By: Allison Williams
“Make kids cry,” the client says, and he’s only half-joking so I take him at his word. We open Ghost Circus with a trapeze artist splayed on the floor as if she’s fallen from the still-swinging apparatus. We perform a ‘heart transplant’ in which we sleight-of-hand-out a real (pig’s) heart from another performer and replace it with an alarm clock. The ringmaster makes a balloon animal, and goes to present it to a kid—at which the Scary German Doctor interrupts, announcing, “That dog hasn’t had its shots!” and stabs it with a hypodermic, exploding the balloon in the kid’s lap. The kid cries. And I, dressed in ripped fishnets as Creepy Nurse #1, pull out a slate and make another tick mark under CRYING CHILD while the audience laughs.
I like it when the client lets us write the show.
Mostly, being an event aerialist is about pleasing the client. I don’t work in a tent, or swing over a net, or live on a train. I wrap myself up in fabric over the buffet while suits ignore me and eat shrimp. I appear from a trapdoor in the ceiling and perform a routine with a Rolex on my upper arm, then fast-slide down and hand the Rolex to the Salesman of the Year. Bomb sweeps and bag searches before the heads of state arrive at International Water Week, Singapore. Sidelong looks at our skintight costumes in Dubai Festival City. Slippery hands—we forgot our sticky rosin—for Citibank Asia in Barcelona. It’s fancy and flashy and spandex-y and false-eyelash-y but it’s not wild and free. If you want to be wild and free, be poor. Or work the street.
There’s festival street and cold street. When we’re not doing corporate events, we’re a festival show. Our 25-foot tripod rig takes too long to set up, we don’t want to have to ‘move along, please’ for cranky local cops. But at a festival, setting up is part of the show. Street performing is not casual. It is tightly scripted—I am on stage from the moment I step onto the pitch, the twenty or thirty-foot circle of pavement assigned on the schedule, bitched about in the morning (location, location, location), and made the best of in the afternoon. Turn the amp on, music makes it our space. Set the expectations early—you will make a circle, strangers; you will stand at the rope, children; you will laugh, skeptics; you will be safe here, volunteers. We will treat you well, if you come on stage. We will make you a winner. At the end, we will pass the hat, and you, having followed our orders for thirty minutes, having had a better time than you thought at a more professional-looking show than you expected, will give. When people come up after the hat pass and ask, “So, is this your real job?” they mean How much money do you make? and that’s the question I answer: I used to be a professor. This pays better. No benefits, but I don’t have to sit in committee meetings, so it’s a tradeoff. Then they laugh and everything is cool.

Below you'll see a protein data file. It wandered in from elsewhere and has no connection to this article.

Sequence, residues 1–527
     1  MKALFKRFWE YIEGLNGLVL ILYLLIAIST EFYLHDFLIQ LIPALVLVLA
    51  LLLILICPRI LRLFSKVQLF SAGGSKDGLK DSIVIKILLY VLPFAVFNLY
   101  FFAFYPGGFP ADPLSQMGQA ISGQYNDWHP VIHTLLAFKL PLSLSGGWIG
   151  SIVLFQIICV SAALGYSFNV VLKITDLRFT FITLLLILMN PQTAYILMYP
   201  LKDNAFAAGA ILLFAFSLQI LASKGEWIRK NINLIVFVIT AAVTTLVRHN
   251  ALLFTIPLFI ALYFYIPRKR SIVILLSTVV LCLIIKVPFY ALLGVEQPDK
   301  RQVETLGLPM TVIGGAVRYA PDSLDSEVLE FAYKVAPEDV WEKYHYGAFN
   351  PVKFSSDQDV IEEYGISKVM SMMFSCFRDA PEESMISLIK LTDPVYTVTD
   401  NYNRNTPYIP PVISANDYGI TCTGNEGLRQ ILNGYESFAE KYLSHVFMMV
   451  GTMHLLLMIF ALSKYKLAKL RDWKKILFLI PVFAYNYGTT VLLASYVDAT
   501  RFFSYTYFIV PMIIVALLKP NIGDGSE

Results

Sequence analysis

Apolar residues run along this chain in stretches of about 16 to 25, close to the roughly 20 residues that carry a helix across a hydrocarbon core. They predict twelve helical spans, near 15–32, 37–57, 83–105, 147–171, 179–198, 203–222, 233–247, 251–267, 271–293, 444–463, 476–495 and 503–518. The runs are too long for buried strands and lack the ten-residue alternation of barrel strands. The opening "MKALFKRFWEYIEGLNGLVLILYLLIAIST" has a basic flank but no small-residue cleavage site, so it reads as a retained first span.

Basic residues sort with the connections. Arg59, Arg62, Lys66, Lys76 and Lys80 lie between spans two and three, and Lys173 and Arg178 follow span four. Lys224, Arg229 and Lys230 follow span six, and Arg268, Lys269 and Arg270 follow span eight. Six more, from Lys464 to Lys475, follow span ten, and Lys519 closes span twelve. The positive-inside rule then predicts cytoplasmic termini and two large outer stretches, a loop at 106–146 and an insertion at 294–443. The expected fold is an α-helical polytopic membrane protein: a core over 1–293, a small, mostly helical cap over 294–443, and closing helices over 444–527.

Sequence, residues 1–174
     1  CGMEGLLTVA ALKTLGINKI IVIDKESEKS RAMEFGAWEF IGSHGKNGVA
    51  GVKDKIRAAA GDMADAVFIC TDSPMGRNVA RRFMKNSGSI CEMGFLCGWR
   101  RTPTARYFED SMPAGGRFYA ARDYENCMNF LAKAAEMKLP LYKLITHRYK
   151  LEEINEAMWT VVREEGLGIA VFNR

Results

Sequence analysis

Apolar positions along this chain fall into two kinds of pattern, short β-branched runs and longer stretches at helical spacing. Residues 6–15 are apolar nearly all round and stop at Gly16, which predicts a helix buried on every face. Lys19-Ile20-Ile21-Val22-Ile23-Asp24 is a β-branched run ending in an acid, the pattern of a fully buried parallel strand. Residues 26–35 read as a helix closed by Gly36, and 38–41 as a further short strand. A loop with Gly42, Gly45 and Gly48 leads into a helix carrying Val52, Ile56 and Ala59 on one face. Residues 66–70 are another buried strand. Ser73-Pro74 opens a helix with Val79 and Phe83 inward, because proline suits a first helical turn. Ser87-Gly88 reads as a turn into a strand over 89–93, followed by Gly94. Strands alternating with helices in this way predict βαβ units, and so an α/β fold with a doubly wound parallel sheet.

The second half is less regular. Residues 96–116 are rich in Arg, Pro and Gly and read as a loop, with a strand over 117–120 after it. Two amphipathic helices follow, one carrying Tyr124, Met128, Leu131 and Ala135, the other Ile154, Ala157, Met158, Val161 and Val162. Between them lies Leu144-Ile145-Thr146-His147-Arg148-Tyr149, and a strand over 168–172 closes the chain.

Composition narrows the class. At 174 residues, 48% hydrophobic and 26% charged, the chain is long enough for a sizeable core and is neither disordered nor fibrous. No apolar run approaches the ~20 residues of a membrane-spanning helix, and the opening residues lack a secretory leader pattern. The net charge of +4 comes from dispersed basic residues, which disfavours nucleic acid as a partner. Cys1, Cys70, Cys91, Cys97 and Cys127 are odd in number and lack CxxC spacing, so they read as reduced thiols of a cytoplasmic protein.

They’re not paying us for the show. No-one is. I get a call from a woman putting on The Nutcracker ballet in Chicago. She tells me about the dancers flying in from Brazil, the press the show is going to get, and I know where this conversation is going, I’ve had it before. There is no “good exposure.” People die from exposure. I cut her off and tell her the two aerialists will cost $2500.
She says, “But it’s only five minutes!”
I have heard this before, I am nearing retirement from this field and I am tired of this shit. I do not make nice to get the gig. I say, “The performers will drive six hours to get to you. They will spend an hour rigging, then do four hours of rehearsal with your dancers. They will stay overnight in Chicago, away from their homes. They will show up at the theatre and do an hour of stretching, an hour of technical rehearsal and an hour of makeup. They will wait through your two-hour ballet. Then they will take down their rigging and drive six hours home. Once you pay us for all that, we’ll throw in the five minutes for free.”
She says weakly, “Please send a contract.”
I’m a fucking brilliant director. I’m a merely average aerialist. One who has nonetheless made a living in my field for fifteen years. My heart has broken over performers quitting, over firing them for drugs, weeping when they leave me to get married.
I don’t want to let it go. I have to let it go. Performing and directing is 80 hard hours a week. There is no time to write. My rotator cuffs aren’t getting any younger. It’s harder to wear identical spandex next to my 21-year-old partner fresh out of circus school. She’s next. She gets the company now, to soar and screw up, like I did, but I am only a phone call away and I want her to win this game. I won, and the prize is quitting.
Here’s what being a writer means: considering every word. Here’s what being a street entertainer means: considering every word and every inflection and delivery and adjusting them on the fly to the weather and the time of day and the level of drunk and the local morality. Telling jokes that sound like silly jokes to kids and dick jokes to adults. Bringing up volunteers who are terrified we will humiliate them but too macho to refuse, then celebrating them as heroes. Undoing the work of a hundred shitty street performers who made their audience members feel like crap. And after all that, putting one word after another—on paper! Where I will revise it perhaps thirty times instead of a thousand and it will be done!—is easy.
This piece originally appeared in “Writers’ Other Jobs” at The Writers Bloc. http://thewritersbloc.net/running-away-circus